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Pope Francis did not write the word ‘capitalism’ nor did he call capitalism “a new tyranny” in his November 24, 2013 apostolic exhortation titled, Evangelii Gaudium. He actually calls ideologies and the oppression of persons they cause “a new tyranny.”
A PDF word search of Evangelii Gaudium reveals that the word capitalism isn’t even in the document. American media reports have said, “Pope Francis attacked unfettered capitalism as a new tyranny.” The Pope references tyranny but, what he calls “a new tyranny” are the resulting oppressions of what he calls “ideologies,” not capitalism. Therefore, the often repeated media line mentioned above does not exist in fact or by inference in Evangelii Gaudium as reported. Actually, the line was the creation of Reuters journalist, Naomi O’Leary on November 26, 2013.
Below is the excerpt from Evangelii Gaudium where the Pope uses the term “a new tyranny.” The words in red help to explain what the Pope means by tyranny (the use of quotations, parenthesis and bolding of words below is ours.):
56. While the earnings of a minority are growing exponentially, so too is the “gap” separating the majority from the prosperity enjoyed by those happy few. This “imbalance” is the result of “ideologies” which defend the absolute autonomy of the marketplace and financial speculation. Consequently, “they” (the ideologies) reject the right of states, charged with vigilance for the common good, to exercise any form of control. “A new tyranny” is thus born, invisible and often virtual, which unilaterally and relentlessly imposes its own laws and rules. Debt and the accumulation of interest also make it difficult for countries to realize the potential of their own economies and keep citizens from enjoying their real purchasing power. To all this we can add widespread corruption and self-serving tax evasion, which have taken on worldwide dimensions. The thirst for power and possessions knows no limits. In this system, which tends to devour everything which stands in the way of increased profits, whatever is fragile, like the environment, is defenseless before the interests of a deified market, which become the only rule.
Note: Above, “(the ideologies)” was inserted by the writer of this article to define what is meant by “they.”
After reading the above excerpt with assisting quotations, parenthesis and bolding, it demonstrates that the “gap” separating persons from prosperity is the “imbalance” caused by the “ideologies” that “they” (the ideologies) create; “a new tyranny” (an ideology that even rejects the fair and just regulation of the marketplace so it can continue to oppress persons with its unjust laws and rules.) So again, what is really meant by “a new tyranny” is ideologies and the oppression of persons they cause.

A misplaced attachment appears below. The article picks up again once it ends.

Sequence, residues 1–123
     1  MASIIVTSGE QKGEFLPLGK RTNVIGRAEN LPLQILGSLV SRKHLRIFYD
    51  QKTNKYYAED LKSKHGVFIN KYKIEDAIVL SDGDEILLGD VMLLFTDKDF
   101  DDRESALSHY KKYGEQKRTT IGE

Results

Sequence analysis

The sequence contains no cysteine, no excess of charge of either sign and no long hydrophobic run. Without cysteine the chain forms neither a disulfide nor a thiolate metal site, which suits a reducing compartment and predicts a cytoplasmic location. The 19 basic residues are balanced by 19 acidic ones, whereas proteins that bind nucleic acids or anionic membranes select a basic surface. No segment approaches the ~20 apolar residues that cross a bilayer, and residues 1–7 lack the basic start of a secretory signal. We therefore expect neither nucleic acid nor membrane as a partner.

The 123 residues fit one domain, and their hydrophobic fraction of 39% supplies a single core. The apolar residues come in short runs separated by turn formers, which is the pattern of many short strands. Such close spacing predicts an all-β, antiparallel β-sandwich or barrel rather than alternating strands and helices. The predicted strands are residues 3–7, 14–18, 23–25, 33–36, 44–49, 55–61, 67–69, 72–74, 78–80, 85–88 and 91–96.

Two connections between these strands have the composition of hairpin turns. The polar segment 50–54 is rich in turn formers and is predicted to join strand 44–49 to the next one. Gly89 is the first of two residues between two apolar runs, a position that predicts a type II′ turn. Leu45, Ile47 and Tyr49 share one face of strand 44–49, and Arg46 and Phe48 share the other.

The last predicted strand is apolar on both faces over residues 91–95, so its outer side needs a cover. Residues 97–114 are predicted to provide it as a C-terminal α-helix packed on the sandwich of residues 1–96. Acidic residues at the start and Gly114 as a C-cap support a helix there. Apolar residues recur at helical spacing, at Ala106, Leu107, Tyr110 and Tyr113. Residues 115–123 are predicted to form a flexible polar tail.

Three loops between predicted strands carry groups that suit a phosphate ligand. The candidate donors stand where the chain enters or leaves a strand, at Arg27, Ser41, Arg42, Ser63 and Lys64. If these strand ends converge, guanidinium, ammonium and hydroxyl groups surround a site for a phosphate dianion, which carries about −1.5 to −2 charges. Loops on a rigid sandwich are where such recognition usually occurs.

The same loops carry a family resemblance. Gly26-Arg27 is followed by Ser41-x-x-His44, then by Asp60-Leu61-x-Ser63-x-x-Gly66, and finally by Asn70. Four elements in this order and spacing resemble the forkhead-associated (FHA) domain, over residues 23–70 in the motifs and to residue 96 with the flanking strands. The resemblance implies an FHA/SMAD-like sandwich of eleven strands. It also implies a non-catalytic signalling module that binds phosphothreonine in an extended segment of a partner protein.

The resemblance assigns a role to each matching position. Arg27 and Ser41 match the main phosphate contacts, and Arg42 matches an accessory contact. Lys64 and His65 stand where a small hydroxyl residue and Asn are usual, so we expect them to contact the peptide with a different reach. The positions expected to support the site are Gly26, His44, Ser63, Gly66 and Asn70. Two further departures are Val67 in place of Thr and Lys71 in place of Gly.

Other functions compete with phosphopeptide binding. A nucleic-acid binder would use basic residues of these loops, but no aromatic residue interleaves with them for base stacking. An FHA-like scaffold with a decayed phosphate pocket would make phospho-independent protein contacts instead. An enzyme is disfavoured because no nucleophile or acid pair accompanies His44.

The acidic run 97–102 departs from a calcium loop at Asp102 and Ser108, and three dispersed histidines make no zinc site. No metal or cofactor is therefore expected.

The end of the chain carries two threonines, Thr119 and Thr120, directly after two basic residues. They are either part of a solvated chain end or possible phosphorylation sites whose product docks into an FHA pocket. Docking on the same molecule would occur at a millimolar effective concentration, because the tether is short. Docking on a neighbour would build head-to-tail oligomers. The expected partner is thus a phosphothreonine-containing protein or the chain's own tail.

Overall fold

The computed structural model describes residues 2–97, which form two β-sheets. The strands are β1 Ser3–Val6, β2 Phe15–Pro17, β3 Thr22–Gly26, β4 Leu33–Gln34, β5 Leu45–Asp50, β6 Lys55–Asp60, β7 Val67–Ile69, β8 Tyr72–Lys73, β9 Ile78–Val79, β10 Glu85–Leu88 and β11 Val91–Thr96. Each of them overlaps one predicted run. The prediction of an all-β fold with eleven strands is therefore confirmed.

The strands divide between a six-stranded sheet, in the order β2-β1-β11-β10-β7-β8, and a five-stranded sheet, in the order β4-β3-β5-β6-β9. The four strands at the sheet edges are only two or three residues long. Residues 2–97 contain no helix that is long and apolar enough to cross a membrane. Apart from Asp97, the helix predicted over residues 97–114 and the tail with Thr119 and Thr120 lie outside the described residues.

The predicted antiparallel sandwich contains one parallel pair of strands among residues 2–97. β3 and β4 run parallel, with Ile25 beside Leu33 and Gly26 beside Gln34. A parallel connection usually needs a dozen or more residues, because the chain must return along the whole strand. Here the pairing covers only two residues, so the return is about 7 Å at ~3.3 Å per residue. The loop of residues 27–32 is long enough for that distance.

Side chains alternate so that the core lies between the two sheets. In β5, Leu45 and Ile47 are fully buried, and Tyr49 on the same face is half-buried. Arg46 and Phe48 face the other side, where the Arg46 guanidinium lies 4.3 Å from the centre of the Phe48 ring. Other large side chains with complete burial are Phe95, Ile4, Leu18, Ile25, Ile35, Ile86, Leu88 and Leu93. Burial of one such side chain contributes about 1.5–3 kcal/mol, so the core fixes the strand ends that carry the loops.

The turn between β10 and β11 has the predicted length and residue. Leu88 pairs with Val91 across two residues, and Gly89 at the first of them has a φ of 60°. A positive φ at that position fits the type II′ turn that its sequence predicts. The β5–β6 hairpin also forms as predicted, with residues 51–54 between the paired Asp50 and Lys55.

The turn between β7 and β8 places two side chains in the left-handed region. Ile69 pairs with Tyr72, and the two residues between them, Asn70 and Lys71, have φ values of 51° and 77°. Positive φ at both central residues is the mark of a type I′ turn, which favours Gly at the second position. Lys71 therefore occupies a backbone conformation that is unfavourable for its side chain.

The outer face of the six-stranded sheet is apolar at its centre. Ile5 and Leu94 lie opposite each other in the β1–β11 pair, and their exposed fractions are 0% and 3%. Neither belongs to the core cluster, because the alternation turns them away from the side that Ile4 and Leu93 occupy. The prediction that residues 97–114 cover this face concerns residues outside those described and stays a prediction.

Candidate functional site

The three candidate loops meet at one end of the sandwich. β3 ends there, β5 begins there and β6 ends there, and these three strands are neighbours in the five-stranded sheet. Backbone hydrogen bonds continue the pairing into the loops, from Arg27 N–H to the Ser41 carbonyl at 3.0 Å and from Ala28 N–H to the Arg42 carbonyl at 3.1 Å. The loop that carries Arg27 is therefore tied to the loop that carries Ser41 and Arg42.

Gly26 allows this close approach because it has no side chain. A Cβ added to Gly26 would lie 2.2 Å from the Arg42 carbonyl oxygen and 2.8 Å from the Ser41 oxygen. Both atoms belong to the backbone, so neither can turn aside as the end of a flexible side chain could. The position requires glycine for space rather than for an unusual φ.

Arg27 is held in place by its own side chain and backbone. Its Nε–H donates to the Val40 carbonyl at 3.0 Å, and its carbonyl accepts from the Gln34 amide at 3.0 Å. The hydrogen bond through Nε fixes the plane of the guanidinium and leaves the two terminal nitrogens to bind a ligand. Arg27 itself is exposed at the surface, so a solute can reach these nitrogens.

For instance, the Catholic Church teaches that capitalism is a practice and that totalitarianism is an ideology (Catechism of the Catholic Church section 2425). So, when Pope Francis uses the term “ideologies,” he speaks of things that cause imbalance; possibly organized crime, etc. Not a practice like capitalism that is a conduit for capital and labor. However, bad actors can use that conduit to manipulate and oppress. The Pope wants us to be aware of these manipulations and not be fooled by their creators.
See the Church’s teaching below that is written in the context of the Seventh Commandment; Thou shalt not steal. You will see similarities between it and the excerpt from Evangelii Gaudium above (the use of bolding of words below is ours):
Catechism of the Catholic Church section 2425
2425 The Church has rejected the totalitarian and atheistic ideologies associated in modern times with “communism” or “socialism.” She has likewise refused to accept, in the practice of “capitalism,” individualism and the absolute primacy of the law of the marketplace over human labor. Regulating the economy solely by centralized planning perverts the basis of social bonds; regulating it solely by the law of the marketplace fails social justice, for “there are many human needs which cannot be satisfied by the market.” Reasonable regulation of the marketplace and economic initiatives, in keeping with a just hierarchy of values and a view to the common good, is to be commended.
The line, “Pope Francis attacked unfettered capitalism as a new tyranny,” is wrong, was made up and is still reported as fact in the media. Our hope is that many in the media will recognize the true meaning of the Pope’s words and make the correction.
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